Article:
The exact clauses that the contract includes depend on the industry you’re operating in and the nature of the work. Here are some common clauses that you might want to consider:
- A non-compete clause: This details any direct competitors that the freelancer agrees not to work for at the same time as they’re working for your company.
- A confidentiality clause: This is an important clause when freelancers might be given sensitive information (such as financial details), and ensures their agreement not to share this with any third parties.
- An IP clause: This specifies the circumstances under which the freelancer assigns their rights for any work produced by them. For example, a copywriter may specify that the rights for their work transfer to the client upon payment of their invoice.
Check for profession-specific requirements
In Belgium, certain professional activities are regulated, either at a national or regional level. This means that a freelancer must meet specific requirements in order to work in their field. If you’re considering engaging a freelancer in a regulated profession, it’s a good idea to check that they have met the necessary requirements before signing a contract.
Ask for reviews and testimonials
When you engage a freelancer, you need to be sure that they’ll be able to complete the work you need, to the standard you expect. The easiest way to determine this is to begin by assigning them a small project to check they’re able to work to your requirements. However, you can also do extra due diligence beforehand if you’re worried.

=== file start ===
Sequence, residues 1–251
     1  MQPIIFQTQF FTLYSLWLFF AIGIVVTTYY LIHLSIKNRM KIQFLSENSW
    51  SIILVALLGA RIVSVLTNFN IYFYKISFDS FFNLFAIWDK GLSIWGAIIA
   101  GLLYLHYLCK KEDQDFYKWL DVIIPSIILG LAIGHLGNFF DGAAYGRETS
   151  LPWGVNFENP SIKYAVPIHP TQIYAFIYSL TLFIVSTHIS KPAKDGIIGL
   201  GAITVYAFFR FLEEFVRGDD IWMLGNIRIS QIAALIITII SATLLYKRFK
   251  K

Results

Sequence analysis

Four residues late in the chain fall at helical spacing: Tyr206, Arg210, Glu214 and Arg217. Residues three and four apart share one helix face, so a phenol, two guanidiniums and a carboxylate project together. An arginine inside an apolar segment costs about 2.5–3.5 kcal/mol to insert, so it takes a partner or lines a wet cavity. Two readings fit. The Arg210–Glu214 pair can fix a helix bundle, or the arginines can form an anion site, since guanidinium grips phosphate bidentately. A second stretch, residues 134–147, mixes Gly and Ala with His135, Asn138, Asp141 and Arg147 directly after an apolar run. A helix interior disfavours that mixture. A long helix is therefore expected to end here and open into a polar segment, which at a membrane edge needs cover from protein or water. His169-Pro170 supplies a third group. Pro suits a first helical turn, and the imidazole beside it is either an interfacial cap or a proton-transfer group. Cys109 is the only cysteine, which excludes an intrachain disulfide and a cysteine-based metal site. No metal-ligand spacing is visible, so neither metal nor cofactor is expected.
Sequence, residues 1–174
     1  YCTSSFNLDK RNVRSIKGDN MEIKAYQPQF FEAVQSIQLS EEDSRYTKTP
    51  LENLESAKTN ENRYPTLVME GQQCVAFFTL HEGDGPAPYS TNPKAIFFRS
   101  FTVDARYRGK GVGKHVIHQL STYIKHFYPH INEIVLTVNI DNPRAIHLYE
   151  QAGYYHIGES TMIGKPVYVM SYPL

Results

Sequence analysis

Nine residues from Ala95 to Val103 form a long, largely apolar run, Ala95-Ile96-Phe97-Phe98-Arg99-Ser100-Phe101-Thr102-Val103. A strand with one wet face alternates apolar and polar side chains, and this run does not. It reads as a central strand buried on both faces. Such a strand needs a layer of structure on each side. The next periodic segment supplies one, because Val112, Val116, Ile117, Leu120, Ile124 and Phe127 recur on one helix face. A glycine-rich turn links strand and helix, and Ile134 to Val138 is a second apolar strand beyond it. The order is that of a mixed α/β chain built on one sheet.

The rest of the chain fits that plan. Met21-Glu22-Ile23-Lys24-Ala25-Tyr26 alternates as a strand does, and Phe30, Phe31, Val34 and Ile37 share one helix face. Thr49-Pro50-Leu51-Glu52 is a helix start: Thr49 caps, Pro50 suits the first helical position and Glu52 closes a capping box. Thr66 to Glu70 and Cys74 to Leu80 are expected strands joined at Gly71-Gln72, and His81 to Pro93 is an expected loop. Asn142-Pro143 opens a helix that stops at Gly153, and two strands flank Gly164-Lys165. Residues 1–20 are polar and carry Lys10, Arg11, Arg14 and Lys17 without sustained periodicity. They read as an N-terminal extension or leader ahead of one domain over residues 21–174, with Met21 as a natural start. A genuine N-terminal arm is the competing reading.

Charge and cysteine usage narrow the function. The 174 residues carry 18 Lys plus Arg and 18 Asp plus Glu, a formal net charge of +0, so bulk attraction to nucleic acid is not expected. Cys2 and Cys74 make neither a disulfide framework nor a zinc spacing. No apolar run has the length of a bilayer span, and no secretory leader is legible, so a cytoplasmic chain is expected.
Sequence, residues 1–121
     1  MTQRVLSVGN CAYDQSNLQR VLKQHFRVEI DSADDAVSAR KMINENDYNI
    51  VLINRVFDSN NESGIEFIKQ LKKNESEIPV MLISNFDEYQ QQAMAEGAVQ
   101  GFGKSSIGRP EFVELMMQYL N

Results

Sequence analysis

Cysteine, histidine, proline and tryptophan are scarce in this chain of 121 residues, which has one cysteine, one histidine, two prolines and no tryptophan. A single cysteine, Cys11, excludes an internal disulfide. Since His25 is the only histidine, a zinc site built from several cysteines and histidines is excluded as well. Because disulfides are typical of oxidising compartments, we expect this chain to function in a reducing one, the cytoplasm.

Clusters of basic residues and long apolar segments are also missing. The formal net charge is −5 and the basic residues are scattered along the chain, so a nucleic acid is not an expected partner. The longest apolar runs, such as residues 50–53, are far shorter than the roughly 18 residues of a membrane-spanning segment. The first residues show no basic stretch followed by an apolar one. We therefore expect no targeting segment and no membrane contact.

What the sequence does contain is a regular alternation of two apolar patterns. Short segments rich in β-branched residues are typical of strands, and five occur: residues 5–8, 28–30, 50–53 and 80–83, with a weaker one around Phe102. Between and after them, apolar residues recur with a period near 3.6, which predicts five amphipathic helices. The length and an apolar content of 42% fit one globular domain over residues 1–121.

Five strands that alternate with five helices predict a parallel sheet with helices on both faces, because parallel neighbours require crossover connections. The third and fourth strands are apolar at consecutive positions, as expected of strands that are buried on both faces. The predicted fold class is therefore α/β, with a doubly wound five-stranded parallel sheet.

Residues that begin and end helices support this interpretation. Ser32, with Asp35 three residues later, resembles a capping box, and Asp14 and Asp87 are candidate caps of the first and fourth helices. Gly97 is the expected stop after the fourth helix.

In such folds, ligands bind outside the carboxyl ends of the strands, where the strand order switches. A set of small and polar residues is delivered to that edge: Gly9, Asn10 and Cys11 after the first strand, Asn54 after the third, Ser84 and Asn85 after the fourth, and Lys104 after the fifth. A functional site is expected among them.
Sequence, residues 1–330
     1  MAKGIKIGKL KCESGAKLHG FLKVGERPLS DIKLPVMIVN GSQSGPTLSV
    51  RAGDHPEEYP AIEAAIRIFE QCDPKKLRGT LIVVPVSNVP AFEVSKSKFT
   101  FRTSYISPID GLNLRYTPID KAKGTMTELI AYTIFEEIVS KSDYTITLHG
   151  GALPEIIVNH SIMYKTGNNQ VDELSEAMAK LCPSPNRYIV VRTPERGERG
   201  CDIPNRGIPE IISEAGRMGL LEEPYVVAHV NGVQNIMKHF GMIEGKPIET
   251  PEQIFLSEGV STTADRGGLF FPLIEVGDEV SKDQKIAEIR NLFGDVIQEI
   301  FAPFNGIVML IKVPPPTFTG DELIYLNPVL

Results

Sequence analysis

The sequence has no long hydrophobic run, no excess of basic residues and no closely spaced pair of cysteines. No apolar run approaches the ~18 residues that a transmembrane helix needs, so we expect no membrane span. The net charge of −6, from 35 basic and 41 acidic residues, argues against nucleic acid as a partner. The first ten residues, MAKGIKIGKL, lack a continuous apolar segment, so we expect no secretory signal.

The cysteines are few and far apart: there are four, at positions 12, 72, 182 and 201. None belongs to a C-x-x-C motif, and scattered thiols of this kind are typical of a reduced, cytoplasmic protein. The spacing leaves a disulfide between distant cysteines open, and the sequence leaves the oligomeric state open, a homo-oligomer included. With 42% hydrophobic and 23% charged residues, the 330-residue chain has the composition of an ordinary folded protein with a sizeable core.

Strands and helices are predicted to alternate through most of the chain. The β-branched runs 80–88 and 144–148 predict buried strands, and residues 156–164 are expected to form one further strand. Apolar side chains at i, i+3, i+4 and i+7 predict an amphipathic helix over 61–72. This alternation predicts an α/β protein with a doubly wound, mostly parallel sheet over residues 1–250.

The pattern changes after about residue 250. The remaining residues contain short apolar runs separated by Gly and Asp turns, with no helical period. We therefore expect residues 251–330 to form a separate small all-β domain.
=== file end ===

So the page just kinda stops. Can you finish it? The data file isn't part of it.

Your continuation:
If you hire a freelancer through a platform or agency, you can usually find reviews of their work, which can give you insight into what it’s like to work with them. Otherwise, you could ask the freelancers to provide testimonials or recommendations from past clients.
Working with freelancers: the mindset shift
Engaging freelancers is a great way to fill the gaps left by the ‘war for talent’, and has the potential to generate great results for your company. However, working with freelancers is a completely different experience from managing employees, and requires a mindset shift.
This is partly a legal issue, as under Belgian law there can be no ‘relationship of subordination’ between a freelancer and their client. This means that while you can of course dictate the work the freelancer does for you, you cannot set requirements on how it’s done — for example by saying the freelancer has to work between certain hours.
More importantly though, employing freelancers requires businesses to trust that they know best how to do their work. Freelancers usually require less management and direction than permanent employees, which can be difficult for some employers to get used to. However, by carefully selecting freelancers who are highly skilled in their field, you can have full confidence that they’ll deliver great work.
By embracing the flexibility that the freelance model provides, you can expect increased productivity, efficiency, and even innovation.